[faint sobs. continues]

The police came by later that day, and the ambulance took… my parents away. I saw them, covered from sheets, in head to toe, and I tried to follow them. A police officer held me back, saying that they were gone. I told him no, they’re right there, on those beds. I asked him why there was a blanket drawn over their faces, but he just left me there, wrapped in my own blanket, sitting on the steps. [pause, break in voice] Alone.

I’m, uh… I’m 27 years old now. I graduated from college three years ago and I’m now on my own. I was passed around from foster family to foster family. It wasn’t all bad, but I was never the same afterwards. I wouldn’t sleep without the light on. And I never held a blanket over my head. Ever. It’s still the same today, only I have a battery-powered light source now, and not wasting electricity.

I don’t know if what I saw was real. The police told me someone had broken into the house and killed them brutally. I left it at that, for at the time, I was a mess. I wouldn’t eat or sleep. All I could think about was the whispering.

You’re in there; let me in!

It wasn’t human. It was rather obvious. But I told no one. I’m not entirely sure why, at the time, but it was probably for the best. They would have thought I was crazy. [small peal of false laughter]

But I’m telling you this because… because the bad dreams are coming back. I… I hear it, at my door again, whispering. It’ll, um, it’ll knock sometimes. It starts out quiet, but, then it gets louder. Louder. Louder. Louder and louder until the whole house feels like it’s shaking.

[frantic breathing, then calm]

And, last night it… Last night it came again. But this time, it… it opened my, um… my door, and- [crying, sniffling of nose] I heard the handle jiggle, slightly, and the click. The hinges didn’t make a noise, but I knew. I opened my eyes, and I saw darkness. Nothing but pitch black.

I’m here. It whispered only one more time. I’m here for you.

[sniffling and blowing nose]

They say… they say what, uh, what doesn’t kill you makes you stronger. But… but I found that what doesn’t kill you will come back for you later.

It’s almost ten o’clock. My windows are closed and the main light is on.

[long pause]

If I don’t post anything on this tape in the morning, assume the worst.

[The tape audio stops. For a few second, you hear silence. Then, suddenly, the audio begins.]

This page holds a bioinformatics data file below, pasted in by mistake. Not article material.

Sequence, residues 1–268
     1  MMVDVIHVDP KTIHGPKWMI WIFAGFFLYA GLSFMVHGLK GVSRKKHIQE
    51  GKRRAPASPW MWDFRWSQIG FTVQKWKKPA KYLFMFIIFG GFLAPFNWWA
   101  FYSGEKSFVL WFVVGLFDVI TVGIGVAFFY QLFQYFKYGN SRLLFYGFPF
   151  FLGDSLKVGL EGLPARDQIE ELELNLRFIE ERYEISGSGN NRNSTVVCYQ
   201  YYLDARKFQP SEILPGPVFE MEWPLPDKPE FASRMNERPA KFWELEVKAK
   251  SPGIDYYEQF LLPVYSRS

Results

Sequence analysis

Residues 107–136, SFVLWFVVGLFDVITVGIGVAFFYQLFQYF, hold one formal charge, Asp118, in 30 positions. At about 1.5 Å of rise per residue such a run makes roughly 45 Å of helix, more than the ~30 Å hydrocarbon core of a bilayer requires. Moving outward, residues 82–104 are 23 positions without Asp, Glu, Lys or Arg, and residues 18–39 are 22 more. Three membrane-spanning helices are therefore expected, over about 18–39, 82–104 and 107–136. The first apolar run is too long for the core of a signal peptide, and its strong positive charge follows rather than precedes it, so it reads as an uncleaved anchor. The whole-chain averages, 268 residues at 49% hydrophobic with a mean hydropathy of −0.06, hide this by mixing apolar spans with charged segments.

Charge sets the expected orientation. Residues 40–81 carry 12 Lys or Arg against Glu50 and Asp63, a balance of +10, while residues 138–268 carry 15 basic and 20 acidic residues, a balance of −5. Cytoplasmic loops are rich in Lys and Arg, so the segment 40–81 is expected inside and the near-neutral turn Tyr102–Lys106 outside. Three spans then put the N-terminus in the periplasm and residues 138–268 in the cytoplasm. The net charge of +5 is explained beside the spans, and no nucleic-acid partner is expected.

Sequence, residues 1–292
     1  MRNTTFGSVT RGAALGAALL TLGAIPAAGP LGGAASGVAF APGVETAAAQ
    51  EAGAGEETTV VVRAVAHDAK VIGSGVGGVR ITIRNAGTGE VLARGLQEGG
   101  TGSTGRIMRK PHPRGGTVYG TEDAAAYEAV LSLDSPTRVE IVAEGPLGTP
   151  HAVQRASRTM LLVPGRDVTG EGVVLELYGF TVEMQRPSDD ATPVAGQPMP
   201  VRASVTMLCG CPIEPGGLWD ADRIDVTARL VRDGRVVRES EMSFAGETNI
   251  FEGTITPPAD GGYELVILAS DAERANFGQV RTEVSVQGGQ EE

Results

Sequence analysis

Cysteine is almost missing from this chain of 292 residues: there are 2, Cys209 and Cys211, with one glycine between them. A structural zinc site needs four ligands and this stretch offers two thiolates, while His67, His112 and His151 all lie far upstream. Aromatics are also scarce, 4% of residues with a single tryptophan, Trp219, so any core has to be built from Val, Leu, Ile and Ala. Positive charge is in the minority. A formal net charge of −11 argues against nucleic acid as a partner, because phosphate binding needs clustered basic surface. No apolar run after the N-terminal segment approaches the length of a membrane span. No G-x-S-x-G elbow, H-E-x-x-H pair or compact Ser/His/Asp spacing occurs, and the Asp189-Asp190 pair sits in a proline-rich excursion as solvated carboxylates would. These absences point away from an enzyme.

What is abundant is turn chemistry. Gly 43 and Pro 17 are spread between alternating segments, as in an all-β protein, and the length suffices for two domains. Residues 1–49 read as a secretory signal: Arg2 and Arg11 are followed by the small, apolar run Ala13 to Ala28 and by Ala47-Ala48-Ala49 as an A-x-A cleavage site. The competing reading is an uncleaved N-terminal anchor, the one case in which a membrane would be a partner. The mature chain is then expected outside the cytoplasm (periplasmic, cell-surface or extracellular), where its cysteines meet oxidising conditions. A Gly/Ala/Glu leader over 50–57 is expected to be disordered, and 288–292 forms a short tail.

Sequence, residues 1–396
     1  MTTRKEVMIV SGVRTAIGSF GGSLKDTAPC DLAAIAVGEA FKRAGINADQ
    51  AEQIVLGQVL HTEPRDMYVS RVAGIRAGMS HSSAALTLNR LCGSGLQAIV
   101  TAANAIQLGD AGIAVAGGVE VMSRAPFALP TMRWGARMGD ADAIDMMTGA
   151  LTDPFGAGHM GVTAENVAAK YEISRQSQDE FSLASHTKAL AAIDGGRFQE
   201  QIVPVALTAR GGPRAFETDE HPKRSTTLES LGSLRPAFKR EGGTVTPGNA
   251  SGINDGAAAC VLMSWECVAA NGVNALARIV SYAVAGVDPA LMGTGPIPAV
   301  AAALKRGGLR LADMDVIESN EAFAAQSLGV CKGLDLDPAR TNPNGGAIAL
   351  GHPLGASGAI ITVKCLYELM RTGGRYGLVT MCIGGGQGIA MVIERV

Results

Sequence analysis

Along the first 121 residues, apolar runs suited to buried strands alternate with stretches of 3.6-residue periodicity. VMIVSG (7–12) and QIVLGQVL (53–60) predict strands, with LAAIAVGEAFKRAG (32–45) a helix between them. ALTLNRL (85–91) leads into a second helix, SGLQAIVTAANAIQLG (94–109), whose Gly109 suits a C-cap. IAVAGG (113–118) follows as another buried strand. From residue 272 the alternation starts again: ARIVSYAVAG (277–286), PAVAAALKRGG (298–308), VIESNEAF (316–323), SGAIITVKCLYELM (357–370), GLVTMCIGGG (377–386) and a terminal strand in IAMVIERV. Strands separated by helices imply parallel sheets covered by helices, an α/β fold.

[shuffling, quick movements and rough static]
i came. i told her i would.

[large, heavy, uneven breathing]

now, look behind you, in the door way.
[The audio stops. You look behind you and-]

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And More

August 23, 2015 at 12:00 PM
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“No, absolutely not,” I told the doctor. Dr. Murdock maintained eye contact with me. Whether or not he had any personal feelings about the situation, I couldn’t tell. I always thought it was eerie how detached some doctors could appear, almost as though they were machines that could turn emotion and off at will. Hell, with some of the cases they faced, that’s probably a necessary survival technique.
“You’re certain?” Dr. Murdock asked. “You know his situation. Free health care is a wonderful thing in theory, but you need to understand that it will be years before his chart is even processed, and even longer until they approve or decline his kidney transplant. He came to America because he knew you were here. The tests are positive, you are a perfect candidate as a donor, and it would expedite the process greatly if you agreed to this donation. That’s not to say this is his only hope, but you would be doing him a kindness by alleviating all the anxiety of having to find another potential donor.”
“I don’t even know this man. We’re supposed to be related? I didn’t know he existed until I received that damned letter telling me to receive a so-called ‘relative’ at the embassy. He’s no one to me, why should I owe him a kidney?”
Murdock’s lips tightened into a thin line. Ah, finally some emotion. So this doctor did have an opinion.
“You understand, Mr. Erikson, that there are hundreds of willing donors who are complete strangers to Mr. Fyrafemsju, who, if they were appropriate donors, would simply donate the needed organ for the sole purpose of helping another human being. They don’t owe him anything either, and yet they’re willing.”
I scoffed.